Even if you take drugs for blood pressure, adding these healthy steps can lower your blood pressure even farther – and allow you to get the most benefit from the lowest dose of medication possible.
Not currently taking medication? Great! Taking these great steps now can prevent you from needing medication in the future!
Make reduced-Sodium products your first choice
Cutting your sodium intake by just 300 mg (the amount of two slices of processed cheese) reduces systolic pressure by 2 to 4 points, and diastolic pressure by 1 to 2 points. Cut more sodium, and your pressure drops even lower. Processed foods, not a salt shaker, are the biggest source of excess sodium in our diets. Here are some other quick ideas:
Of course there are many reasons to not smoke or quit smoking, but here is another one. The nicotine in tobacco constricts blood vessels, immediately raising the pressure within them.
Have a banana, melon slice, or handful of dried apricots every day
All of these fruits are rich in potassium, nicknamed the “unsalt “ by experts because of its ability to keep blood pressure down. Other high-potassium foods include spinach, lima beans, sweet potatoes, and avocados.
Snack on Soy nuts
An ounce of crunchy roasted soybeans cut systolic blood pressure readings by 10 points in one study. Look for unsalted varieties in your supermarket or health food store.
Sprinkle 2 tablespoons of ground flaxseeds on your morning cereal
Then mix 2 tablespoons into your spaghetti sauce, yogurt, or sprinkle on a salad later in the day. This could lower systolic pressure significantly, one study found. The secret ingredient? Probably the omega-3 fatty acids in flax.
Take Tea tomorrow morning (and afternoon) instead of coffee
For every cup of tea you drink in a day (up to four) your systolic blood pressure could fall by 2 points and your diastolic pressure could drop by 1 point, an Australian study suggests.
Stroll four times a day
Exercise cut systolic pressure by 5 points and diastolic pressure by 3 points in a University of Illinois study of 21 women and men. But volunteers who took four brisk 10-minute walks a day kept blood pressure low for a whopping 11 hours, versus 7 hours for those who exercised for 40 continues minutes once a day. Frequent activity keeps artery walls more fit and flexible.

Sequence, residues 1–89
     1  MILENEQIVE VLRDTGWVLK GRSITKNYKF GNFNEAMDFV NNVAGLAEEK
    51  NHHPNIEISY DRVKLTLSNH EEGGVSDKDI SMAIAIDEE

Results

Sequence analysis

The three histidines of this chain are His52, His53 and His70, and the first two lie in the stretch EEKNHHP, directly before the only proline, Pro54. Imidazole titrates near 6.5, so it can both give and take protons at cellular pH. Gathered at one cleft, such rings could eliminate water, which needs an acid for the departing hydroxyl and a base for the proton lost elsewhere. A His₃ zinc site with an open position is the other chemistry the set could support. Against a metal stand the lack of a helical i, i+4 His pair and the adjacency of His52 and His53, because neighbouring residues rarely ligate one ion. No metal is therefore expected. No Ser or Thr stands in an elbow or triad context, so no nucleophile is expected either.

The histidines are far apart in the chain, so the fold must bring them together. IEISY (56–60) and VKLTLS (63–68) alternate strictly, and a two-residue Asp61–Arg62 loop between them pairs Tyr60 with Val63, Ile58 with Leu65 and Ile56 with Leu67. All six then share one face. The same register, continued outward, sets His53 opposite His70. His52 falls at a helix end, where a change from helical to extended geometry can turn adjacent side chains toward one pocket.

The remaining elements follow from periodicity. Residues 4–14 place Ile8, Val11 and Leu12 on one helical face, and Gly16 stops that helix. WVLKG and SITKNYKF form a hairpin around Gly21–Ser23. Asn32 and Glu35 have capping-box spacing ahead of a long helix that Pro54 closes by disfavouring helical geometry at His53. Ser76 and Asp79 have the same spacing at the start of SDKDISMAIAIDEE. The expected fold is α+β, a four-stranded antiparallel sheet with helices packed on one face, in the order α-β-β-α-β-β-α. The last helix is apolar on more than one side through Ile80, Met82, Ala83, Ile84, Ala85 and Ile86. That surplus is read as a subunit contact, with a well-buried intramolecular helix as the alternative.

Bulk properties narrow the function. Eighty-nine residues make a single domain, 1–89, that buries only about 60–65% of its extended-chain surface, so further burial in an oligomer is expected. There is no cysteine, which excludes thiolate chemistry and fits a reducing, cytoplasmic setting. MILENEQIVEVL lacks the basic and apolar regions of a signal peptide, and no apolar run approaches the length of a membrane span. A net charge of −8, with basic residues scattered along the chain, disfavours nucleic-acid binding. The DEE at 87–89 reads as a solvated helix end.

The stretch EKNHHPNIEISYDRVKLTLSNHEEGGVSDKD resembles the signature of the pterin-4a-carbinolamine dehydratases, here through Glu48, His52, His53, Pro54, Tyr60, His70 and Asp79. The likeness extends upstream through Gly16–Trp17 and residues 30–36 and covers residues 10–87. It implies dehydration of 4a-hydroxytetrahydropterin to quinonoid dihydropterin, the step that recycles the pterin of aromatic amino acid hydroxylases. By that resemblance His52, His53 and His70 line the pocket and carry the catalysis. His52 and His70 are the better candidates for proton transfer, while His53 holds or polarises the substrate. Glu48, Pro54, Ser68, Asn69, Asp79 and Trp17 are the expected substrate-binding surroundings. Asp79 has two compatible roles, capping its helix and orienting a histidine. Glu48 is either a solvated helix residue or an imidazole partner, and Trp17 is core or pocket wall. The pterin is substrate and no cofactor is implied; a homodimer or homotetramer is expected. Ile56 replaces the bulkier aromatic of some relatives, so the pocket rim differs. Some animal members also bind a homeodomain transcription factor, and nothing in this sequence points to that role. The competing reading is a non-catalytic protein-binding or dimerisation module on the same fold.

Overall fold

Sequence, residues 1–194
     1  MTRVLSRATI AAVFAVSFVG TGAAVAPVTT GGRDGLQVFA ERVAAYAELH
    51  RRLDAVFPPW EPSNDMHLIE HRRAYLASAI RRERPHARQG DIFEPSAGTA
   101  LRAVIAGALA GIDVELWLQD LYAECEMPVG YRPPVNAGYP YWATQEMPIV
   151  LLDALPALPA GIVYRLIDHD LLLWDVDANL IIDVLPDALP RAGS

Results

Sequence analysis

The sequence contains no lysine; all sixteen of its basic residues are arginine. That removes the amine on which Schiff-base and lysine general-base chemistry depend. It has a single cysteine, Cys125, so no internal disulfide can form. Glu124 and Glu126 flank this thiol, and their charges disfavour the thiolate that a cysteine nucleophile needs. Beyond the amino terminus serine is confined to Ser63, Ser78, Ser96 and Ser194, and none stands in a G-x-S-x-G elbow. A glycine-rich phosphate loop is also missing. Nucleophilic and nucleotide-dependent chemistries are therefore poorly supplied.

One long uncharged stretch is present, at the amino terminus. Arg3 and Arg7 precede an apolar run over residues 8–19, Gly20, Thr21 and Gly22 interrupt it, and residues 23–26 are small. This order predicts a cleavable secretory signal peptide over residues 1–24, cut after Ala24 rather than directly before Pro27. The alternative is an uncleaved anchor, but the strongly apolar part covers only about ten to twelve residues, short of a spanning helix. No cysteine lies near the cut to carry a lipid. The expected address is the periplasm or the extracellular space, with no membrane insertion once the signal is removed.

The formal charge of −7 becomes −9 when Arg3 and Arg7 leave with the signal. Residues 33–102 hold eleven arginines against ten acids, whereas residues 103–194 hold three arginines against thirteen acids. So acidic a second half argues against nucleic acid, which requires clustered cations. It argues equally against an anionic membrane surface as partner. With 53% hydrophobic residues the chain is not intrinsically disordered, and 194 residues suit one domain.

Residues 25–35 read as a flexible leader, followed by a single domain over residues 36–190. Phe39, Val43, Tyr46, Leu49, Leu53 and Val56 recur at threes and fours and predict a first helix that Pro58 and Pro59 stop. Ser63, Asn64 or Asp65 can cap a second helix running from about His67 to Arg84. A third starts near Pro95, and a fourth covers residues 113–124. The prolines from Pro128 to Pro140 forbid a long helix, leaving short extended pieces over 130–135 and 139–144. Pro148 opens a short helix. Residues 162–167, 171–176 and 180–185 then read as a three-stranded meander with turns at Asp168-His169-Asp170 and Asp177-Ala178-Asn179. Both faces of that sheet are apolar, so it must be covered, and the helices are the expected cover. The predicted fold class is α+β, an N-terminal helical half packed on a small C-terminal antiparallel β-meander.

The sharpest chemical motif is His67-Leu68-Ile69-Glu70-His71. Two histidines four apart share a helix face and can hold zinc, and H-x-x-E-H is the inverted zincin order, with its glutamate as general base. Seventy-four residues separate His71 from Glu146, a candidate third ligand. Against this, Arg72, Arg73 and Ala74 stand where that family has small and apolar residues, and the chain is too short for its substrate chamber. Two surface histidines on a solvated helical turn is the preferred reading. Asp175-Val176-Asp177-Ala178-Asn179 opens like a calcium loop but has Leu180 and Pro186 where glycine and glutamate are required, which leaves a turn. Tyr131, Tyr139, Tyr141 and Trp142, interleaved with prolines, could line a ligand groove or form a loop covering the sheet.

Avoid overuse of pain relievers
Cut back on nonsteroidal anti-flammatory drugs (NSAIDs), like ibuprofen. Studies show that these popular pain relievers can raise your blood pressure if you take them frequently.
Come back for Wednesday’s blog for some more great tips that you can do today to lower your high blood pressure and keep it there for good!
Doctors once shrugged off high blood pressure in their older patients as a normal sign of aging. Some believe this “medical lapse” contributed to the high rates of heart attacks and strokes in people over age 55.
Today, all that has changed. While your odds for high blood pressure do rise with every passing birthday – experts estimate that 90 percent of us will have elevated pressure at some point after age 55 – Lowering it has never been easier.
High blood pressure, also known as hypertension, is a silent killer that plays a role in 75 percent of heart attacks and strokes. When modern living and genetics team up to stiffen artery linings, blood pressure increases. This faster, harder flow of blood damages blood vessel walls, making it easier for heart-threatening plaque to form. At the same time, the extra pressure can cause plaque buildups to break off; these are the clots that kill. When clots block the arteries that feed fuel and oxygen to your heart, that’s a heart attack. When clots block the blood vessels to your brain, that’s a stroke. And when they block the vessels to your abdomen, that’s an abdominal aortic aneurysm.
Scary stuff.. yet there’s more. High blood pressure can also enlarge and weaken your heart, and even damage your eyes and kidneys.
Lowering your blood pressure can cut your odds of major health problems significantly. Stroke, by 30 percent; heart attack, by 23 percent; heart failure, by 55 percent; dementia risk, by 50 percent. At the same time, it can prevent or delay kidney damage and guard your eyes against vision loss brought on by severe hypertension.
The new thinking about high blood pressure is that lower is always better. The standard advise to keep blood pressure readings below 140/90 isn’t good enough, experts now say.
Damage to arteries actually begins at blood pressure levels that doctors once considered optimal, even stellar. Evidence gathered from 61 blood pressure studies reveals that for most adults, risk of death from heart disease and stroke begin to rise when blood pressure is as low as 115/75. After that, death risk doubles for every 20-point rise in systolic pressure (the first number) and every 10-point rise in diastolic pressure (the second number). On the flip side, lowering your blood pressure could actually help unclog your arteries, a surprising study from the Cleveland Clinic has found.
The good news: It’s worth taking all the small steps you can to cut your risks.
Lifestyle plays an important role in lowering or keeping your blood pressure low, where you want it to be. If you successfully control your blood pressure with a healthy lifestyle, you might avoid, delay or reduce the need for medication now, or in the future.
Come back on Monday where I give 13 steps you can do right now for Better Blood Pressure.
Remember, Good Health doesn’t just happen, You have to work at it! See you back here on Monday!
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